I may have just found my favorite pasta alla gricia recipe.
I was doing research for my next article, when all of a sudden I got a notification. One of my favorite chefs was sharing his tricks to make the perfect pasta alla gricia. Needless to say, I ended up in a rabbit hole of tutorials and articles from different cooks that I follow. About an hour later, I got all my notes together and decided to incorporate them in my usual recipe the next day.
The result was delicious.
Pasta alla gricia looks like a very simple dish, but there are some things to look out for, if you want it to be perfect. In the next few minutes, I’ll share everything you need to know.
The origins of pasta alla gricia
Like many other classic Roman pastas, this simple yet scrumptious dish isn’t actually originally from Rome.
It originated centuries ago among the shepherds of the province of Rieti, in the Apennine mountains. The same people to which we owe pasta all’amatriciana and cacio e pepe. In fact, pasta alla gricia derives from a progenitor of amatriciana made without tomato sauce. Due to the absence of tomato, it is also known as “white amatriciana“. (but if you ask me, it is more similar to cacio e pepe, with the addition of tasty guanciale meat) 😀
These shepherds used to migrate to the nearby regions during the transhumance season, bringing with them only a handful of ingredients that were easy to store, like pecorino cheese, dry pasta, black pepper, and guanciale.
These shepherds regularly migrated as far as Rome, and their dishes were soon adopted by the local population who appreciated their taste and simplicity.
Come to think of it, this union was bound to happen. Roman cuisine is full of super tasty dishes made with a few simple ingredients and no overly fancy methods. Of course dishes like amatriciana or cacio e pepe would have found a place in the hearts of Romans.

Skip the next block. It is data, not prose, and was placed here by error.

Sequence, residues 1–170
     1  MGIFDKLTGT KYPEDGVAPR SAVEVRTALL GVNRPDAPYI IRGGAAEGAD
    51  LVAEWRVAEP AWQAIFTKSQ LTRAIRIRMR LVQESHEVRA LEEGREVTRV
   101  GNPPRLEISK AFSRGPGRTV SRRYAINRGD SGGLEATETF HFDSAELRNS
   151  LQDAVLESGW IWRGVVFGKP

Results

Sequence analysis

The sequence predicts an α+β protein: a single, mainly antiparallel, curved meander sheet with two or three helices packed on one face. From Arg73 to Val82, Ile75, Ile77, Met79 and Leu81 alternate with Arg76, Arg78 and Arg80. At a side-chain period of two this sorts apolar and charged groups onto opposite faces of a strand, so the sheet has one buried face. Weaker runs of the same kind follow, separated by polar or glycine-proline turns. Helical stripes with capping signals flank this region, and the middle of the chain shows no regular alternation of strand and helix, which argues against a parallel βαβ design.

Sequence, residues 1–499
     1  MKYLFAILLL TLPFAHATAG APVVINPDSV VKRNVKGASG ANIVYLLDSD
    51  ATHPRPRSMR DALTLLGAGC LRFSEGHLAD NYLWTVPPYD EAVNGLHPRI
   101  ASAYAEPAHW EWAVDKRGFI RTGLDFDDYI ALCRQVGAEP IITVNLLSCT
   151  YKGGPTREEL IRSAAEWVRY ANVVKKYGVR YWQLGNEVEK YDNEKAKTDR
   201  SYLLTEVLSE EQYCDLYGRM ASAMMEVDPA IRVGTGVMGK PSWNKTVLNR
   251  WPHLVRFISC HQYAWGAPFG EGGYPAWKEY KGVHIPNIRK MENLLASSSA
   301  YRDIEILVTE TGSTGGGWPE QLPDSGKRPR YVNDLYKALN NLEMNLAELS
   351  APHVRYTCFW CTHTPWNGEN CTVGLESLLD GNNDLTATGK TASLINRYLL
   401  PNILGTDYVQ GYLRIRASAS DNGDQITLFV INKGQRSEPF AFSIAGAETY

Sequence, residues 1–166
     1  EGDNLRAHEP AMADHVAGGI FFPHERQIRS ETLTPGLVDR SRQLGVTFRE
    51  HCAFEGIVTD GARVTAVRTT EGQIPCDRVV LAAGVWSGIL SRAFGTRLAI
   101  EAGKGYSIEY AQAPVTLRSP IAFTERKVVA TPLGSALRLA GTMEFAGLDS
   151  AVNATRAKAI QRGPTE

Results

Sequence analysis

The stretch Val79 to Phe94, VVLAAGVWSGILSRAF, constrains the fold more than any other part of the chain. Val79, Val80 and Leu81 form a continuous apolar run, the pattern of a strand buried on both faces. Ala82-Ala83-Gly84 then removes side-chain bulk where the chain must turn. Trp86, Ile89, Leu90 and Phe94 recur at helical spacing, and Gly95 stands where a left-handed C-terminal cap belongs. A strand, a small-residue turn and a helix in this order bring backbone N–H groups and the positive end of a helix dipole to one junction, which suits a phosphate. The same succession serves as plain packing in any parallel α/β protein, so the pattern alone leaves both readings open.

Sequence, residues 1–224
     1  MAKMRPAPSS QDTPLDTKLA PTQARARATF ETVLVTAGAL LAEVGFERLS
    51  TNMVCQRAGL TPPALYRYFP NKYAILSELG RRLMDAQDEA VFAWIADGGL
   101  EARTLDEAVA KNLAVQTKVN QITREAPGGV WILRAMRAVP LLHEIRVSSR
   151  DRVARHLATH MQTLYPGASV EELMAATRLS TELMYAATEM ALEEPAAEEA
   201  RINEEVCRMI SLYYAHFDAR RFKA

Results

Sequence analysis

The original recipe for gricia probably involved simply combining the ingredients together while the pasta was cooking. However, as the dish became more and more important in Roman cuisine and was also adopted by experienced cooks, the traditional recipe began to incorporate a number of tricks that enhanced its flavors. So, as I said before, although it remains a simple dish, you have to pay attention to a couple of little things to turn it from good to irresistible.
This brings us back to the topic of this post.
The day after taking all my notes, I attempted to incorporate the tricks I learned into a single recipe. And not to brag, but the result was amazing, to the point that I will hardly ever make pasta alla gricia any other way.
Here’s what I did.
What you’ll need
Here are the main ingredients for pasta alla gricia.
Dry pasta: unlike other traditional pasta dishes, there isn’t a specific single type of pasta to use for this recipe. From a traditional point of view, pasta alla gricia is commonly made with either bucatini, spaghetti, or mezze maniche. The first two are long pasta shapes, while the latter is short and thick. It is also very common to use tonnarelli, rigatoni, or even paccheri. Other possible good choices are penne or tortiglioni, but they are less traditional.
Guanciale: the star of the show. Guanciale is a type of cured meat made from pork jowl. It is often mistaken/switched for pancetta or bacon, but it has a different texture and a more intense, spicier taste. Originally it was not considered a noble cut, so farmers kept it for themselves and stored it for long periods by coating it with salt and pepper. Nowadays, it’s the main ingredient in all the classic Roman pasta dishes.
Finding PGI Italian guanciale in the US can be challenging, but there are good local alternatives available in many stores. I’ve heard that Fortuna Guanciale is quite good, although I haven’t tried it myself. If you have, please let me know in the comments – I’m curious to hear your experience.
Pecorino Romano Cheese: shepherds who migrated to Lazio from the province of Rieti certainly used pecorino produced in their lands, which nowadays is more delicate and somewhat less savory than Roman pecorino. However, pasta alla gricia has become so associated with Roman cuisine that Pecorino Romano is now the standard way to go.